Middle-aged women? Not any more

Glenda Cooper, 25, pictured above with her mother Carys, 52, discovers that the 'mid youth' society is getting younger all the time, thanks to better health, more prosperity and, for women, fewer children
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The Independent Online
"Youth's a stuff will not endure" William Shakespeare proclaimed. But that was in the days when life expectancy was half what it is now. In the late 20th century, youth is enduring and enduring and enduring, and middle age has been abolished.

The "mid-youth" society - its replacement - has distinguished members. Goldie Hawn, Helen Mirren and Joanna Lumley have all celebrated their 50th birthdays in the last year, and their appeal is greater than ever.

Ms Lumley may have first achieved fame in the 1970s with the New Avengers but will be remembered for her 1990s' triumph - the chain-smoking, coke- sniffing, drunkard Patsy in Absolutely Fabulous. Ms Mirren has been working for the Royal Shakespeare Company since her 20s but had her greatest success as Detective Inspector Jane Tennison in Prime Suspect. Last week, Ms Hawn, with a career of 30 years behind her, was photographed in London looking amazing in a see-through T-shirt and figure-hugging trousers. Her partner, Kurt Russell, has described her as "a phenomenon. She looks 35 and a healthy looking 35 as well."

They are not the only ones. Susan Sarandon, 49, won her Best Actress Oscar this year for Dead Man Walking and Jane Fonda, 58, has gone through the careers of actress, aerobics guru and revolutionary and is now married to billionaire Ted Turner.

But while we have grown up with the image that Hollywood stars never fade, they just get another facelift, the signs are equally strong in real life.

Opening photo albums at a recent family party was a shock: I looked at pictures from 1971 of my aunt's wedding. My relations looked middle- aged. Glancing at my mother, Carys, across the table I realised she was a good 10 years older than the figures in the photos, yet at 52 she looked 20 years younger than them.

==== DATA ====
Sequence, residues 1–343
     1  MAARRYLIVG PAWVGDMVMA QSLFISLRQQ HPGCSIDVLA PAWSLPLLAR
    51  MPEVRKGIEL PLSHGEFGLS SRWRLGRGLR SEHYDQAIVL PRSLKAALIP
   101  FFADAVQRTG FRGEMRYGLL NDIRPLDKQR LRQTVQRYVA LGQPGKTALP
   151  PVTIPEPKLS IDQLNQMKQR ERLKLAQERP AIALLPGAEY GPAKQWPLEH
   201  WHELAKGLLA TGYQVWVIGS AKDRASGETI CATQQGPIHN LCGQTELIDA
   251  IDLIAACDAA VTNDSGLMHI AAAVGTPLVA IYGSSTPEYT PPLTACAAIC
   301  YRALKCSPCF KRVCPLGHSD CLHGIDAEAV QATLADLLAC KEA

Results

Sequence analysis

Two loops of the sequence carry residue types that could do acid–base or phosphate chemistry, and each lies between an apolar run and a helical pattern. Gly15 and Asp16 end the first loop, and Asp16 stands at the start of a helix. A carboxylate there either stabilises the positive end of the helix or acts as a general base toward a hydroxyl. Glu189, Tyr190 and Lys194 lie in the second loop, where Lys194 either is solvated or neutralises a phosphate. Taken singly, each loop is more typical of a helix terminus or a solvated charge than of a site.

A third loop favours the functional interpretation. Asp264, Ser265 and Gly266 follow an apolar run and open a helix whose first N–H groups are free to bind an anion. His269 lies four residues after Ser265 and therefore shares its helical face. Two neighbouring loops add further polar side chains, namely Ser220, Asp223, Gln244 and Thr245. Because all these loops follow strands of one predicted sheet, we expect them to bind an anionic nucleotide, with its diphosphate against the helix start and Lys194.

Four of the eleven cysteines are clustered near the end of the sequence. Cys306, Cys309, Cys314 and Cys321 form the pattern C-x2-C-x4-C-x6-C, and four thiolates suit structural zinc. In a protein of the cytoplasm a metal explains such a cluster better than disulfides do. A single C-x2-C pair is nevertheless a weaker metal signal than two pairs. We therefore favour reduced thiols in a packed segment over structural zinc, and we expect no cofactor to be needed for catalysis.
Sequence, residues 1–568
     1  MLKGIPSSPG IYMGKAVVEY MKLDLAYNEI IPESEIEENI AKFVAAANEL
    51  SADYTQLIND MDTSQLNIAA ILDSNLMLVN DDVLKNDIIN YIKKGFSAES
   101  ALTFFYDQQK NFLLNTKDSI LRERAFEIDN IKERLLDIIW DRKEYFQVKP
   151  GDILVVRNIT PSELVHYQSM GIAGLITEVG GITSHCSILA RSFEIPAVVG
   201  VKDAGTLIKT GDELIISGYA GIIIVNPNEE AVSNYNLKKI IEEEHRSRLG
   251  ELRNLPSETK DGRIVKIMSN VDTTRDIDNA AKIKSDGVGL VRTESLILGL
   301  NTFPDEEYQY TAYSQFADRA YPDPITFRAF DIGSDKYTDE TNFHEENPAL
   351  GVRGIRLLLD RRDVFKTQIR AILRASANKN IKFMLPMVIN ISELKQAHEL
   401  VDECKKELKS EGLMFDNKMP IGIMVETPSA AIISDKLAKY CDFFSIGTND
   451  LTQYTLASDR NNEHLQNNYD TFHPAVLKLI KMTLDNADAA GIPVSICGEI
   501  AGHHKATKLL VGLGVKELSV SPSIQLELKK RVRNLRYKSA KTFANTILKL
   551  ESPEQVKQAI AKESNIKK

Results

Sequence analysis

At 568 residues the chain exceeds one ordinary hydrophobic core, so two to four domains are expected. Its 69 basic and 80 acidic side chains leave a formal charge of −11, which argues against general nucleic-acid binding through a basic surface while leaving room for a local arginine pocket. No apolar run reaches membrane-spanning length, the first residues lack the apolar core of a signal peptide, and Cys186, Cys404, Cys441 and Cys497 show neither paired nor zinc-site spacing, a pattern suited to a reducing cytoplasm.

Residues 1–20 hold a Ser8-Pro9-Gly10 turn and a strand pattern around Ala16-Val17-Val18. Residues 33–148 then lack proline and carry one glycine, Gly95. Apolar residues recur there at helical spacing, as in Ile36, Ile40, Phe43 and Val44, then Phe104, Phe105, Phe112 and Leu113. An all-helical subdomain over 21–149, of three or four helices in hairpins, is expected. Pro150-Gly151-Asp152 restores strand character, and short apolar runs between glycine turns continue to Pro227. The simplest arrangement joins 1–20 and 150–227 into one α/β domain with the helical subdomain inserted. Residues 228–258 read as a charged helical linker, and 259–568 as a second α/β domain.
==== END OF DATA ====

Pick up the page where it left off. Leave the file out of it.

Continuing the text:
Nearly 30 years separate my mother and me, but look at us together and it seems half that. And she is not the only one. The concept of the 40- year-old woman worn out by years of childbirth, settling down for a quiet life of slippers and Scrabble is outdated. She is far more likely to be the Peugeot 306 woman in a little black dress, whisking her husband off for sex on the beach before returning home to her two children.

The cult of youth is such that according to the Wrinkle Report, a Harris poll of 1,200 men and women aged 30 to 50 in the United States, three out of four baby boomers - the immediate post-war generation - think they look younger than their years. Eight out of 10 say they have fewer signs of facial ageing than their peers, (a situation that is statistically impossible according to a spokesman for the pollsters).

Maddy Kent-Dytchwald, described in the report as a "nationally recognised expert on the boomer generation", says a typical 45-year-old feels 15 years younger: "Boomers are redefining what is young so they can be included in the definition. In fact, the stage of life they're entering might not be called middle-aged at all but 'mid-youth' instead."

There does seem to be some truth behind the picture of mid-youth Dorian Grays. The boundaries of middle-age have changed as our life expectancy alters.

Had you been born in 1841, you could expect to live to 40 if you were a man, and 42 if you were a woman, which places middle age somewhere round 21. By 1950, this had risen to 66 years and 71.5 years respectively. Male babies born in 1993 can look forward to 73.8 years of life and females 79.1.

Dr Sidney Jones, a psychologist with an interest in lifespan, says that basic but radical changes in the way we live have contributed to the redefinition of age. "Between 1900 and 1930, the average height of 13-year-old boys went up two-and-a-half inches. That is an enormous amount in 30 years. Health has a big effect on how people feel. If you are healthy you feel better," he said. People are better nourished than they were 50 years ago, and many threatening diseases - tuberculosis, scarlet fever and diphtheria - are rare in the UK.

One of the biggest tolls on women's health, frequent childbearing, has almost ceased thanks to the Pill and the decisions to marry and have children later. On average, women marry at the age of 29.9, four years later than in 1940. The fertility rate has dropped from 2.93 in 1964, to 1.8 and about one in five women will remain childless.